We told you earlier today that former Minnesota coach (and current ESPN analyst) Flip Saunders is working with a group of investors looking to buy the Timberwolves. In this scenario and Saunders would take over basketball operations (owner Glenn Taylor has had the team on the market for a while looking for an owner who would gradually take over and would keep the team in Minnesota).
But Saunders moving into a position of power could happen sooner rather than later.
Columnist Sid Hartman at the Star Tribune suggests Saunders could be in and current GM David Kahn could be out by the start of next season.
There are several indications pointing to the likelihood of former Timberwolves head coach Flip Saunders replacing David Kahn as president of basketball operations for the team before the 2013-14 season.
Timberwolves owner Glen Taylor wasn’t available for comment on the subject Saturday, but he hasn’t kept it a secret that Saunders has served as a consultant for him on the basketball team during this season.
Unless Saunders is offered a coaching job that would pay him a lot more money than he would get being the Wolves’ president of basketball operations, I think it’s a strong possibility that Saunders will replace Kahn before next season.
There are a whole lot of “ifs” coming, but…
If Taylor is interested in selling to this group of investors, and if Saunders really is going to step in to run the basketball side of the operation, and if Taylor knows Kevin Love isn’t Kahn’s biggest fan and would like a change, and if Taylor really is good with all of it than it’s possible Saunders could take over sooner rather than later.
A lot of ifs, but there is a logical flow to this. On the court the Timberwolves need to keep Kevin Love in house to try and build a contender with him and Ricky Rubio at the core, and sliding Kahn out for Saunders could help with that. As for what steps the Wolves need to take, we actually need to see this team play for a stretch with everyone healthy then evaluate. Saunders could do that.
Taylor isn’t racing to sell the team, but it’s not hard to see this come together faster than the sale itself.
It’s a summer tradition — tall NBA players swatting away the shots of young kids at camps/clinics.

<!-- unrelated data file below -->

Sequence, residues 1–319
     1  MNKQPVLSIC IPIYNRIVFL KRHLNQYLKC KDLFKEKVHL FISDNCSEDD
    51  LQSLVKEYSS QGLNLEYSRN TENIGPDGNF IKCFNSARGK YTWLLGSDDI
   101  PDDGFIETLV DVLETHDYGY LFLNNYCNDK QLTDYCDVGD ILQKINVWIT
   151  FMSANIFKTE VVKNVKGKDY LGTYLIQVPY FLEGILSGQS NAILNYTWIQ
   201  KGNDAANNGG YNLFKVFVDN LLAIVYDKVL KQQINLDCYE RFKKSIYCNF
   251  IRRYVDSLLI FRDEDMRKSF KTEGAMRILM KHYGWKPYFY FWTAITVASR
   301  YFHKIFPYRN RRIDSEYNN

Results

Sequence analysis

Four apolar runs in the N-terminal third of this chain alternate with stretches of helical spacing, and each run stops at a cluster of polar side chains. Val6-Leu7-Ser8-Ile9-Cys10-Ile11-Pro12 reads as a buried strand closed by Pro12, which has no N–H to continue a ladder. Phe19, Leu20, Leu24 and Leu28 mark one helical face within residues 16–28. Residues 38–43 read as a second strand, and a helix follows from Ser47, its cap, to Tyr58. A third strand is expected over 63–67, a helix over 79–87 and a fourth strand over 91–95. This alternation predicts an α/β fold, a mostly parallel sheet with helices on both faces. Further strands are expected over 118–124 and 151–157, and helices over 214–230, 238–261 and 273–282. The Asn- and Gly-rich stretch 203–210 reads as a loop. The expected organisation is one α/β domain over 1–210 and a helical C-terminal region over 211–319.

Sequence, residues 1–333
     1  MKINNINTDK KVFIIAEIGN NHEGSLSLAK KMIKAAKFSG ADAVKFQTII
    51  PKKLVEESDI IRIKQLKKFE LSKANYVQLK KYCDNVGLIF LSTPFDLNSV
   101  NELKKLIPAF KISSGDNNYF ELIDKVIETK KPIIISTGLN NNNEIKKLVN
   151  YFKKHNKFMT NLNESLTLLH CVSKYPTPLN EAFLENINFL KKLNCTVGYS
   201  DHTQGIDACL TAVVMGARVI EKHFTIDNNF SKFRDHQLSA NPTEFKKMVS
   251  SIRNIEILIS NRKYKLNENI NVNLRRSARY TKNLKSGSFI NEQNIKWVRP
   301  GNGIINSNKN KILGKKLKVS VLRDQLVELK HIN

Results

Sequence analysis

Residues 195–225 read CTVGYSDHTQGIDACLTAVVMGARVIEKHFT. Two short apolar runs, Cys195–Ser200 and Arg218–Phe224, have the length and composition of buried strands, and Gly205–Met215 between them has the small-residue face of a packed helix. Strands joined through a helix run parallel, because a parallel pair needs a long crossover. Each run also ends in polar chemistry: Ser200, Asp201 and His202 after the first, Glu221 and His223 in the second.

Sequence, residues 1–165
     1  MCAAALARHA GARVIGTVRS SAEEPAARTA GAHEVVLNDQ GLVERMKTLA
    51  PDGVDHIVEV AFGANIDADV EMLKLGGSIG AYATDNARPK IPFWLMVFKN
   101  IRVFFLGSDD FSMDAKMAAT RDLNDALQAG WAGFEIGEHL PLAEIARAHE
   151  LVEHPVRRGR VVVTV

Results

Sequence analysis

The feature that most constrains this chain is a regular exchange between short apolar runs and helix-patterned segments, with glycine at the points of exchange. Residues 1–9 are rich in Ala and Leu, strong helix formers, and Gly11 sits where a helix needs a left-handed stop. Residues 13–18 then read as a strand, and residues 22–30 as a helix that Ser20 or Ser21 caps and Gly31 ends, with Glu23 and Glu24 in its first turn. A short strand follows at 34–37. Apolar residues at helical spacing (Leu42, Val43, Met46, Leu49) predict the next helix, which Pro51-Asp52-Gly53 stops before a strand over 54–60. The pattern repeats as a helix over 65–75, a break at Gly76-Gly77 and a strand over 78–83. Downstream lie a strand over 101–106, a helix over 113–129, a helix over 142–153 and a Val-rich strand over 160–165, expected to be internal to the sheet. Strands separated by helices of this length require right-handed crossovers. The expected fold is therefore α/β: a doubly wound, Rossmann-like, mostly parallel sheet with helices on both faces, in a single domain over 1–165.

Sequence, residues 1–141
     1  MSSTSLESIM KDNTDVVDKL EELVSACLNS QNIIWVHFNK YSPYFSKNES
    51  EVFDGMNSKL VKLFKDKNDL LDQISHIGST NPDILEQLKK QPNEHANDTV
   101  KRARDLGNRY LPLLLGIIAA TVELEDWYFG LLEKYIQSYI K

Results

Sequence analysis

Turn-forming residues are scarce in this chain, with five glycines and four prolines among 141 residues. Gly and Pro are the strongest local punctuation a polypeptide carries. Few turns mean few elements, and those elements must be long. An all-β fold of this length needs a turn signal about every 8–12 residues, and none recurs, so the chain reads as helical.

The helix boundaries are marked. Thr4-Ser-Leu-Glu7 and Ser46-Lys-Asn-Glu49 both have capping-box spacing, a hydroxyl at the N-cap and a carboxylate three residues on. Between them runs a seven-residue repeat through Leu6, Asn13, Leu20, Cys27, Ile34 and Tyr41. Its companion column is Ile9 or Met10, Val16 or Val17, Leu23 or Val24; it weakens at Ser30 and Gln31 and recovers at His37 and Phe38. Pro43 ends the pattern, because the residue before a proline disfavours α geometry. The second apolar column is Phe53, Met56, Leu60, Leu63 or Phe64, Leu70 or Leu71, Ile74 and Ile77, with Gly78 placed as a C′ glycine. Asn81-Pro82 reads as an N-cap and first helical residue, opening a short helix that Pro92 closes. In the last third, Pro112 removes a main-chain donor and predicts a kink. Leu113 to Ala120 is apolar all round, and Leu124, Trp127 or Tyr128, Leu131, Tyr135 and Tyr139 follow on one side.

Philadelphia’s Joel Embiid has yet to step on an NBA court — this fall, finally? — but he is part of the youth tradition now, destroying this young man at the Sixers Beach Bash event Saturday.
This summer Embiid has arm wrestled Justin Bieber and looked good working out in an empty gym, and to add to that list here is Embiid overpowering an average guy at Beach Bash then throwing it down. The man at least provided a little more resistance than a chair.
Despite the Warriors’ loss in the Finals, it’s been a good summer for Harrison Barnes. He signed a four-year, $94 million deal in Dallas and won a gold medal with Team USA at the Olympics in Rio de Janeiro. And maybe best of all, he got engaged on Saturday night, as he revealed on Twitter:
Congrats to Barnes and his new fiancée.
Shortly after winning a title with the Cleveland Cavaliers, veteran guard Mo Williams picked up his $2.2 million option for next season, choosing to take the guaranteed money on the table for him rather than test free agency at age 33. But he might not be with the Cavs this season — the Cleveland Plain Dealer‘s Joe Vardon reports that Williams is considering retiring from playing due to lingering knee problems, and the Cavaliers could waive him under the stretch provision in the coming days.
Williams, 33, a 13-year veteran and former All-Star who played a supporting role in the Cavs’ 2016 NBA championship, is strongly considering retirement, multiple sources told cleveland.com.
From Williams’ side of this, he battled a left-knee issue for most of last season while playing in just 41 regular-season games, as his playing time dwindled once Irving returned from knee surgery and the coaching staff chose to stick with Matthew Dellavedova as Irving’s backup.
Sources said his balky knee, desire to coach — especially younger players and children — and the obvious chance to go out as a champion are weighing heavily upon him.
Vardon reports that the Cavs are considering stretching him before the August 31 deadline, but are holding off for now because they want to leave open the possibility of a trade with another team to take on his salary. Either way, it looks as though Williams is done after 13 seasons in the NBA.
I’d say the obvious — it’s sickening to turn a murder of a mom of four, a genuine tragedy, into a political opportunity — but that has become the way of politics. What line of decorum?
None the less, it’s sickening. Republican presidential nominee Donald Trump tweeted about the tragic death of Dwyane Wade‘s cousin Nykea Aldridge, who was pushing her stroller down a Chicago street this week when two men got into a gunfight (reportedly gang-related) and a bullet killed Aldridge.
Trump tweeted what you see below (actually, what is below is a tweet edited by his staff, the original one misspelled Wade’s first name, putting “Dwayne” instead):
Later, this Tweet came up, again from his staff.
(So you know, you can tell which tweets come from Trump and which from his aids based on the device used to post it.)
Trump’s Tweet is part of his recent apparent attempted outreach to minority voters, which is not about them and more about trying appease concerns of white, middle-class suburban voters (for example, outside Philadelphia, in a swing state). Polls show Trump struggling with those suburban voters, in part because they see him as bigoted.
As you might expect, Twitter unloaded on Trump for his tone deaf and incendiary Tweet. Not that he cares, people are talking about him and that seems his primary goal. Actor Don Cheadle was one of the most prominent.
It’s sad this has become a focus and not Nykea Aldridge — and what can be done to prevent the next Nykea Aldridge.